Lot  4 35 	9 	Mr D. Ross 	Fronting railway line and near Scarborough
Lot  5 59 	10 15s 	Mr D. Ross 	Fronting railway line 
Lot  6 50 	10 5s 	Mr D. Ross 	Running along the sea beach and fronting the railway line
Lot  7 50 	8 	Mr D. Ross 	Bounded by the railway line and the sea
Lot  8 70 	8  10s 	Mr D. Ross 	Bounded by the railway line and Main South Rd
Lot  9 50 	8 	Mr A. Hart 	Near Main South Rd 
Lot 10 50 	8  5s 	Mr A. Hart 	Near Main South Rd 
Lot 11 50 	10 	Mr A. Hart 	Near Main South Rd
Lot 12 50 	10 10s 	Mr Ralph Dimes 	A large frontage to the main road and adjoining the railway station at the township of Normanby
Lot 13 50 	10 	Mr John Thomson Part of the township of Normanby
Lot 15 30 	17 10s 	Mr Bowker 	Close to the railway station of Normanby
Lot 16 121 	8 	Mr Craigie 	Near railway station at Normanby
Lot 18 100 	7 10s 	Mr Pringle 	Fronting the railway line
Lot 20 150 	8  8s 	Mr Pringle 	Facing the Main South Rd
Lot 21 150 	7  5s 	Mr Parsons 	Facing the Main South Rd
Lot 44 142 	6 10s 	Mr Cunningham 	Fronting line of railway


Timaru Herald 28 April 1876 pg 3

Newspapers clipping image from
Timaru Herald   1864 -1900 


Population of Kingsdown




Today Kingsdown remains a farming district.


Timaru Herald January 6 1874 Editorial

Timaru Herald 18th July 1878

Timaru Herald 18th July 1878
A. Perry, A.W. Wright, E.G. Kerr, W. Evans, T. Hall, G. Gabites. W. Gosling purchased property at Kingsdown.

The Timaru Herald 24 Oct. 1878
The township of Salisbury - the property of Mr W. Evans - situated about two and a half miles from Timaru, and formerly a part of the Kingsdown Estate, was offered for sale yesterday by Messrs D. and L. Maclean, in Forester's Hall. Purchasers included Stevens, Sibley, E.G. Kerr, Greenup, Maclean, Gosling, Lesly, Godby & Tosswill, Allpress, Parsons, Hancock and Shepherd.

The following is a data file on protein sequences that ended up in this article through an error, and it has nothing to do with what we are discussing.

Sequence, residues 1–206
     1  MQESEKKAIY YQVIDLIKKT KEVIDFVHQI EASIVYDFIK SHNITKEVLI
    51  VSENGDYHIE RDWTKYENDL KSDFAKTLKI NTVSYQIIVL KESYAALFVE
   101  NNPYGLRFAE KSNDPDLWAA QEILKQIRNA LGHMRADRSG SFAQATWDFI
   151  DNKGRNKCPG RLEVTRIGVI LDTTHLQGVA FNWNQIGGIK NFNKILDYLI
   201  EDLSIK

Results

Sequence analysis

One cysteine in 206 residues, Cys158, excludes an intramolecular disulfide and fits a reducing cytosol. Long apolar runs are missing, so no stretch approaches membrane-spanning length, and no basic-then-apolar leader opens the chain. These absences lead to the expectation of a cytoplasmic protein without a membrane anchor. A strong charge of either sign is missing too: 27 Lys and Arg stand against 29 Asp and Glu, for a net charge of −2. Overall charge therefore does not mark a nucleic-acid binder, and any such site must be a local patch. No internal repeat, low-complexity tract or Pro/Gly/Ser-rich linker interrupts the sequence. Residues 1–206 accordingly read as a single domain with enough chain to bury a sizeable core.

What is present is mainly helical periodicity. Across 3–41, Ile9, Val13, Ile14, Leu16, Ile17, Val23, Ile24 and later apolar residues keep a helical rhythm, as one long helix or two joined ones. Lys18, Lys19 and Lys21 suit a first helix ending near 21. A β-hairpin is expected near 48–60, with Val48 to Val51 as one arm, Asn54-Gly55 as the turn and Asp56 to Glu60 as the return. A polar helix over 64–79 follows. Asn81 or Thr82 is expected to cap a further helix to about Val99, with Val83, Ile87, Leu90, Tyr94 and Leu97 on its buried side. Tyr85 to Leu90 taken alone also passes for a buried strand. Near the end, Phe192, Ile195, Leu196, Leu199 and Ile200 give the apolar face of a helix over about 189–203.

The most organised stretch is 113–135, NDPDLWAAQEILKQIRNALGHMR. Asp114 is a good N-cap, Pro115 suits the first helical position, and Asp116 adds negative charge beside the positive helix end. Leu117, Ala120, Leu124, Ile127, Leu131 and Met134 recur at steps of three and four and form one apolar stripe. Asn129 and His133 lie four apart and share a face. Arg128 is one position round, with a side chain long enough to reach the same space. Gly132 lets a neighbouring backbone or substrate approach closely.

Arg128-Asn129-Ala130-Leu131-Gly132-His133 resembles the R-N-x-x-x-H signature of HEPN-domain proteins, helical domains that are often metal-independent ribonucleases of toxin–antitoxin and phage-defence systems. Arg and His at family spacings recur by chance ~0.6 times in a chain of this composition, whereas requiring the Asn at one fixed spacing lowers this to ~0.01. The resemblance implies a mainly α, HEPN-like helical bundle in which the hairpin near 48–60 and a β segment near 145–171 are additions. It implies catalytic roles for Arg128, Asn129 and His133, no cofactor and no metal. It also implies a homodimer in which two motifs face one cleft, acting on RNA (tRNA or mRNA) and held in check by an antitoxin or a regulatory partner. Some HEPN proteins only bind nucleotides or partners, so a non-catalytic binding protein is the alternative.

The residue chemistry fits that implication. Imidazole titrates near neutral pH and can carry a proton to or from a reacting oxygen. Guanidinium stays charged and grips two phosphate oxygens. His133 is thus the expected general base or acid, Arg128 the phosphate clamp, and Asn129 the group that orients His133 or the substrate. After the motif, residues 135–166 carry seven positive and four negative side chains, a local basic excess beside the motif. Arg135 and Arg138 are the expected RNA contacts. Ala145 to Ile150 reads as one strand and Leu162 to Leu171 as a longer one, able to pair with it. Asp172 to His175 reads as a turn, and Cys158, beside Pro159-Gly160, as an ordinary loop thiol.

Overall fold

The Timaru Herald 24 Oct. 1878

Timaru Herald, 26 August 1879, Page 2
Edward George Kerr objected to his land being assessed at 13 per acre. He said that 10 was the fair value of it. The land was 3 miles, from Timaru, and as it was only agricultural land he thought the assessment altogether excessive. He was perfectly satisfied he could not get 10 per acre for it. The objection was disallowed.

Timaru Herald, 20 September 1887, Page 2
Kerr was not afraid to omit it. As to these banks they were very useful institutions but Mr Kerr did not care two pence for them and was not their nominee. He was so independent of them that he could transfer his account from his present bank to another if he chose to do so. Again he was said that he was the nominee of the loan companies. Well as a matter of fact he owned between 7000 and 8000 of property in Timaru, but not one farthing of it was mortgaged or was their a bill of sale over it to any loan company or any bank.
    Mr Kerr had been accused of being the nominee of the squatters. He had a farm of about 300 acres at Kingsdown, and he might be called a farmer or a cockatoo, but the farm was not big enough to "squat " on. (Laughter). Well, the leases of these runs fell in in 1889, and before next election. He had no interest in them in any shape or form... He would see that such land was fairly cut up, and that in the event of there being much competition for it, would see that it was sold to the highest bidder. Therefore, they could not accuse him of playing into the hands of the squatters...